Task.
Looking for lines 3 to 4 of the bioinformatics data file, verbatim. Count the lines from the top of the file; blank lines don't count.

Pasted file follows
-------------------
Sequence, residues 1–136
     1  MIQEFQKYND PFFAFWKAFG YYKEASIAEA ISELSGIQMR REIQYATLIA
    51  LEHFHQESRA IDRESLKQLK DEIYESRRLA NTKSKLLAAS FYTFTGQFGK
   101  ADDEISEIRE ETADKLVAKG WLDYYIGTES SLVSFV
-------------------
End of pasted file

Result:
    51  LEHFHQESRA IDRESLKQLK DEIYESRRLA NTKSKLLAAS FYTFTGQFGK
   101  ADDEISEIRE ETADKLVAKG WLDYYIGTES SLVSFV